Go with the flow
Released: May 16, 2013
Scientifically, simply “going with the flow” can have great implications. In natural porous media, such as soils, subsoil vadose zones, and aquifer systems, accurately simulating detailed flow velocity fields can elucidate a multitude of macroscopic phenomena.
Breaking down the bubbly
Released: March 20, 2013
EMSL's Microfabrication and Subsurface Flow and Transport capabilities helped scientists model how mobile bubbles in reservoir storage conditions create a flow barrier from exsolved carbon dioxide, which shows promise for future geological sequestration.
Promising Science for Plutonium Cleanup
Released: July 07, 2011
Scientists from Pacific Northwest National Laboratory and Rai Enviro-Chem, LLC, recently published first-ever results that illustrate the importance of certain hard-to-find reaction products related to plutonium reduction in contaminated sediments. This finding reveals an area for expansion in EMSL's new Radiochemistry Annex.
Wired Microbe Conducts Electricity
Released: June 10, 2011
Researchers have determined, for the first time, the molecular structure of the proteins that enable the bacterium Shewanella oneidensis to transfer an electrical charge. This new information is useful for the development of microbe-based agents that can be used to clean up legacy radioactive waste.
Viewing the Tube in 3D
Released: May 24, 2011
Researchers used EMSL's scanning transmission electron microscope and tomography capabilities to test a new geometric method to extract three-dimensional information about the size and location of small catalytic particles supported on tubular structures. Understanding these new details can critically influence catalytic systems in technologies for water purification and emissions control.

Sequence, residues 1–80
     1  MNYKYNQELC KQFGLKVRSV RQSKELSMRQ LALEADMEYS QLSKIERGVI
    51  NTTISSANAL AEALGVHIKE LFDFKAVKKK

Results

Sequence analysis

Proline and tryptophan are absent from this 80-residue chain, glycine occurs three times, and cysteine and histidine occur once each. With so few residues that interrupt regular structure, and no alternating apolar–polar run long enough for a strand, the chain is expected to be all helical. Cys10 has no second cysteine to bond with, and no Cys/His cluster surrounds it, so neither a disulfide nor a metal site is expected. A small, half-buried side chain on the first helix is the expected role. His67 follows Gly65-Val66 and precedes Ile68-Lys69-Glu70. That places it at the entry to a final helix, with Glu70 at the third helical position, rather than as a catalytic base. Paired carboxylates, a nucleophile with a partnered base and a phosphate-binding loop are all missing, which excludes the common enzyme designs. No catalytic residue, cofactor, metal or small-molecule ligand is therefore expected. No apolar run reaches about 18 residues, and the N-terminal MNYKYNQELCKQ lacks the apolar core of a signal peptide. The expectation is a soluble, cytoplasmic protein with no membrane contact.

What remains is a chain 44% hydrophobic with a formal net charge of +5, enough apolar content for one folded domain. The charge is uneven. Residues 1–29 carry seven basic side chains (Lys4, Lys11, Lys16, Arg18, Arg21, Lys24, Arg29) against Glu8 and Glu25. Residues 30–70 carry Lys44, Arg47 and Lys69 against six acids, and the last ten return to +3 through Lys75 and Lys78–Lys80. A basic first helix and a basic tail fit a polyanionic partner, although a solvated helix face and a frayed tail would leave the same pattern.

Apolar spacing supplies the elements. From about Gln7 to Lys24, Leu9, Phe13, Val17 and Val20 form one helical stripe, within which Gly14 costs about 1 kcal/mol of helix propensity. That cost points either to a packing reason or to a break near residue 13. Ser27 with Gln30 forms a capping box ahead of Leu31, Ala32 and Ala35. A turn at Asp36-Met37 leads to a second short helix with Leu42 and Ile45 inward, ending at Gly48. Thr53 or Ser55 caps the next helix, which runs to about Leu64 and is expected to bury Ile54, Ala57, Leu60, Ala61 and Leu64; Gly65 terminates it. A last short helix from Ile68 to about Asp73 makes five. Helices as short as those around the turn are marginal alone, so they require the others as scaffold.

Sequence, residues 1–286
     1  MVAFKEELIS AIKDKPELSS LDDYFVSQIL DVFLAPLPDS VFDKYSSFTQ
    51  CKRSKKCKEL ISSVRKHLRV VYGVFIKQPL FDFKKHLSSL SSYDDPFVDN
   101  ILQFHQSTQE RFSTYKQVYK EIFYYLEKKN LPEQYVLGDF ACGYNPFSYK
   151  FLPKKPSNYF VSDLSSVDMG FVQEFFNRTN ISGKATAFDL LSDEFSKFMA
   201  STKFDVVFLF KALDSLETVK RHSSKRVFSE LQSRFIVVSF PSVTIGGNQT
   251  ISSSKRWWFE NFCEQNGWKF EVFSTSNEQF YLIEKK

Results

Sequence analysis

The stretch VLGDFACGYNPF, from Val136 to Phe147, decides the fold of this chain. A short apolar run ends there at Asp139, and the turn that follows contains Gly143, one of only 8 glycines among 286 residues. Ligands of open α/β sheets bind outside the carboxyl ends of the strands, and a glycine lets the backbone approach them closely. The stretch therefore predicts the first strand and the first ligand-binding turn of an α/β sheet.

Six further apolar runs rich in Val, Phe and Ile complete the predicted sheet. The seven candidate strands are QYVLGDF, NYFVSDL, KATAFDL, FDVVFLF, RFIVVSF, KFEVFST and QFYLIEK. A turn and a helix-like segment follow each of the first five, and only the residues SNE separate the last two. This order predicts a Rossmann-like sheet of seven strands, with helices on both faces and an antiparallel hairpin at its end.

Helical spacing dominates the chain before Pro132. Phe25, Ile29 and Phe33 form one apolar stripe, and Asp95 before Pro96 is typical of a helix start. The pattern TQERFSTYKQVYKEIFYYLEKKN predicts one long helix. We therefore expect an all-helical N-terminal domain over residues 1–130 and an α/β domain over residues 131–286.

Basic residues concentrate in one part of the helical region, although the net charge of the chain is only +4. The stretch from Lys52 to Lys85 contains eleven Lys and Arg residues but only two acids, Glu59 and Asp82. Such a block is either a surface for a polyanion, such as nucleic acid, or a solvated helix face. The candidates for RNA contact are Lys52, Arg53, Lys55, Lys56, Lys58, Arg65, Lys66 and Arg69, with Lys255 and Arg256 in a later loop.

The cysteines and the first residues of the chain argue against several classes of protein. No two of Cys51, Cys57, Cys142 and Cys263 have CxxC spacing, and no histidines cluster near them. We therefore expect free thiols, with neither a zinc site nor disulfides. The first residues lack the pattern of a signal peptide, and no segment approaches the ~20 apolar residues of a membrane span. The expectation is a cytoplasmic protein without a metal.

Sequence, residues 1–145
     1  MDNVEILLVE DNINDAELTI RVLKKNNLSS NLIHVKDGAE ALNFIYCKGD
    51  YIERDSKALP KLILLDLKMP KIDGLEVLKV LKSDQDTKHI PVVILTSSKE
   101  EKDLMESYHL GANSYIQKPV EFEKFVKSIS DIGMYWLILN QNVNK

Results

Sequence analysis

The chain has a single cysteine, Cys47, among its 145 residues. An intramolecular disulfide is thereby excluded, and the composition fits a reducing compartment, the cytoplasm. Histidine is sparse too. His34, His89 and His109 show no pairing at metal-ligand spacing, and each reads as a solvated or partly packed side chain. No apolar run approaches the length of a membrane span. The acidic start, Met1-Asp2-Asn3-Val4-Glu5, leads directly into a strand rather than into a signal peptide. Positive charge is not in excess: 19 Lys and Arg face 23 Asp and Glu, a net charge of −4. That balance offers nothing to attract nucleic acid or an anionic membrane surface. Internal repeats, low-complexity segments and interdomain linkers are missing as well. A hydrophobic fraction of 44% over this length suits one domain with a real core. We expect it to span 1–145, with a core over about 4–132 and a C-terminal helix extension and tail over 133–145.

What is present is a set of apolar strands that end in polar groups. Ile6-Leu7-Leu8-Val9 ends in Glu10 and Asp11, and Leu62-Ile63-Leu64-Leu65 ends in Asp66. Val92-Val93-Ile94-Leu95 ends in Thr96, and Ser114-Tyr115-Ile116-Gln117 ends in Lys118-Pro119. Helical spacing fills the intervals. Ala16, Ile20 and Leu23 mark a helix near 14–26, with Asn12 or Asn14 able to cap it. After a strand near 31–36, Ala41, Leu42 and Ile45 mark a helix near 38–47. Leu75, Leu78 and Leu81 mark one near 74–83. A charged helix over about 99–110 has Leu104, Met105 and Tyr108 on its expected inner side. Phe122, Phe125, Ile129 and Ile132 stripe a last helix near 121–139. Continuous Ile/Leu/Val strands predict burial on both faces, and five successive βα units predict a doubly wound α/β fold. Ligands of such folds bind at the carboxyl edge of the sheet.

Atomic force microscope enables in situ imaging of mineral-fluid interfaces in supercritical carbon dioxide
New Views of High-pressure Meetings
Released: April 29, 2011
EMSL scientists and collaborators have developed a high-pressure atomic force microscope to enable unprecedented in-situ, atomic-scale measurements of the topography of solid surface interfaces with supercritical carbon dioxide fluids. This new capability supports scientists and engineers who are developing new solutions in carbon sequestration.
Modeling the Micro Scale
Released: July 21, 2010
Recently, scientists working to understand the microbes received a boost from two studies done with a new integrated microfluidics capability at EMSL.
Released: July 20, 2010
Analyzing soil and aqueous samples from a laboratory column study, scientists assessed how small amounts of nanoparticulate goethite in sediment affect biostimulation processes, which may enhance future bioremediation efforts.